As the name suggests its reincarnation revolved exclusively around its website and online operations in the UK. Initially it focused on a much smaller range and depth of items addressing the homeware, bedding and lighting sections only. This was based on the rationale that these categories, particularly lighting, had been the strongest feature of its previous value proposition. A couple of months after its re-launch it subsequently introduced a range of fashionwear items for males and females. It employs eighty-four people (a lot less than the original eleven thousand individuals in its previous existence.
After about six months into the venture its Managing Director Kevan Mallender expressed satisfaction with its performance, claiming sales of over £3 million and arguing that as it was effectively start-up business these figures represented success.
Let’s try to assess how well (or how badly) it has performed since September 2016.
At this stage in the blog I am going to introduce a challenge to you. Before reading any more of the content, I would like you to visit the website page: www.bhs.com and carry out an assessment of the site addressing all of the typical criteria that we use. Suggested areas include: layout of the site and ease of navigation, content, engagement, updates, quality of information on the items, payment procedures, customer service and so on.
After this please come back and read on!!
When we reflect on a brand and its relevance and value the gurus suggest that successful brands must be built around a relevant and live value proposition that registers in the mind of the target markets. Clearly BHS failed on most of the measures and prerequisites to meet such standards.
The new website has been assessed by experts and the general view is that as a value proposition via its online offerings, BHS remains a reasonably competitive position. It offers shoppers free delivery on items purchased over the value of £50. If it is under this figure the shopper pays £3.50 for delivery. That leaves it in a similar position to retailers such as Marks and Spencer. However it does not offer a “click and collect” option and does not make use of third party services such as Doodle and Collect+.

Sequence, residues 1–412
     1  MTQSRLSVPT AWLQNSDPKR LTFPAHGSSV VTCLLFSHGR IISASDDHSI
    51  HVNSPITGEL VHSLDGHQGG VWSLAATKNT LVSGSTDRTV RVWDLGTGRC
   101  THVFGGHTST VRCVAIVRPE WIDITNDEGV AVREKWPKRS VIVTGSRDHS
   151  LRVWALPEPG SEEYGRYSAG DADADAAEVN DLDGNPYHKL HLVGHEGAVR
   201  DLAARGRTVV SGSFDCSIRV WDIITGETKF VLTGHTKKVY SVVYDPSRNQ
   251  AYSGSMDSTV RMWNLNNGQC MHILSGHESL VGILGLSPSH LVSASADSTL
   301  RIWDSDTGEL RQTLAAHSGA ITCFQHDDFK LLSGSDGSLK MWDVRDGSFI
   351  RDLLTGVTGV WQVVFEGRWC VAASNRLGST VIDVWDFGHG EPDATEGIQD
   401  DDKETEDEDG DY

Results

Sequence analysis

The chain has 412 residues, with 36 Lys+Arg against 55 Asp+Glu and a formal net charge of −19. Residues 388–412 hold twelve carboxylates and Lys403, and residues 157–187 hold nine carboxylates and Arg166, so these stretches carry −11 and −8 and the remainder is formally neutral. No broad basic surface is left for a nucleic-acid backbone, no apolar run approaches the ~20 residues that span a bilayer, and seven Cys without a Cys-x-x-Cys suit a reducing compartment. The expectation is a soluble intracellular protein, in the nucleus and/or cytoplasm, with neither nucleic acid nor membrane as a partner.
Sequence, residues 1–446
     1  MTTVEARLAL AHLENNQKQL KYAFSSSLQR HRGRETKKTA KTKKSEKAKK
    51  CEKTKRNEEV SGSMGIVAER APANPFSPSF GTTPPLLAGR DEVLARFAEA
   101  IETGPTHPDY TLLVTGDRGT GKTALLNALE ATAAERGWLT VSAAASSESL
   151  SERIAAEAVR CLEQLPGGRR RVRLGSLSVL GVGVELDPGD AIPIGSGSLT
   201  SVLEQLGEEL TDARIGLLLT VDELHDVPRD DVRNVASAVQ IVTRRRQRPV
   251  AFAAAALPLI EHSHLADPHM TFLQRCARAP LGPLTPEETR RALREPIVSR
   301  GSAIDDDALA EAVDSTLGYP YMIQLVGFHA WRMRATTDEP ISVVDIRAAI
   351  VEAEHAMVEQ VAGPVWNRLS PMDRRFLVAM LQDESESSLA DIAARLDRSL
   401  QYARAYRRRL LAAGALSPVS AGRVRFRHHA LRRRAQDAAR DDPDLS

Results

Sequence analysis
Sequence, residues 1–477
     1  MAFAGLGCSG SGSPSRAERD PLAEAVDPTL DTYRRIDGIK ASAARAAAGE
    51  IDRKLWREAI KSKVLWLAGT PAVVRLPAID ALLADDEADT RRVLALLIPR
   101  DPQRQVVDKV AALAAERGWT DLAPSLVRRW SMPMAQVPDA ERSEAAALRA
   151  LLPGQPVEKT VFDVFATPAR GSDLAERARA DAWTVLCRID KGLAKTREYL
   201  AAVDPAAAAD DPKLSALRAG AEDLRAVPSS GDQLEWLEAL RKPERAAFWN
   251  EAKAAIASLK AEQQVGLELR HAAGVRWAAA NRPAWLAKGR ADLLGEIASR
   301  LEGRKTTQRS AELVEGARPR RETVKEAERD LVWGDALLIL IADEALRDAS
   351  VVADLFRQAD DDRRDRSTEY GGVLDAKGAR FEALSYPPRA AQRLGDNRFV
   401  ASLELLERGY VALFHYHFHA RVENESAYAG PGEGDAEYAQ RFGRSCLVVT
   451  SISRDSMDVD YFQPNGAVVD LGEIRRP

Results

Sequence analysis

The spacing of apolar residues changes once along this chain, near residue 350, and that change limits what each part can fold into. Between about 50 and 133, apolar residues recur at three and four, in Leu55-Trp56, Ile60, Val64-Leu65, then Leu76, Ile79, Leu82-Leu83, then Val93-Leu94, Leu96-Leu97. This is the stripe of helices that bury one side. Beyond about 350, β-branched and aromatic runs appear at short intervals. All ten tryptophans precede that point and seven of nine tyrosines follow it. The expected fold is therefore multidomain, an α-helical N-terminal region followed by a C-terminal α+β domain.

There is little content on the website apart from basic information on critical issues such as price and size options. Crucially it make no use of video content to capture the attention of the visitor to the site. This it can be argued would encourage interaction.
It has no user-generated content such as postings of experiences or customer reviews. It has no live chat feature.
It’s sign-up and register feature dominates the page and surprisingly it provides no incentive for shoppers to actually sign up. The search bar also has limitations (try it out)
In essence I would argue that the website at best resembles one that would have been common about five to eight years ago: information-led, no interactive dimensions and little attempt to sign up members.
I come back to my original point. What is the purpose of this brand? By that I mean the revised online version. Why is it revisiting the fashion space when it has been hammered by many more flexible and agile operators?
Possibly if it uses data from its previous customers it might be able to generate some degree of re-energised loyalty. However I doubt it. Shoppers have moved on: it is very difficult to lure them back unless you offer them something new and exciting. I do not see this on its current website.
In early 2017 the BHD Managing Director placed his faith in using the concept of a referral channel to build visitors to the site and subsequent sales. In this respect it entered into a collaboration with referral provider Mention Me. This concept is based on the simple idea of rewarding existing customers who encourage friends, relations and colleagues to sign up.
While this has certain merits it is difficult to believe that it will become a “game-changer”.
In summary I am very pessimistic and cynical about this “new” venture. What do you think?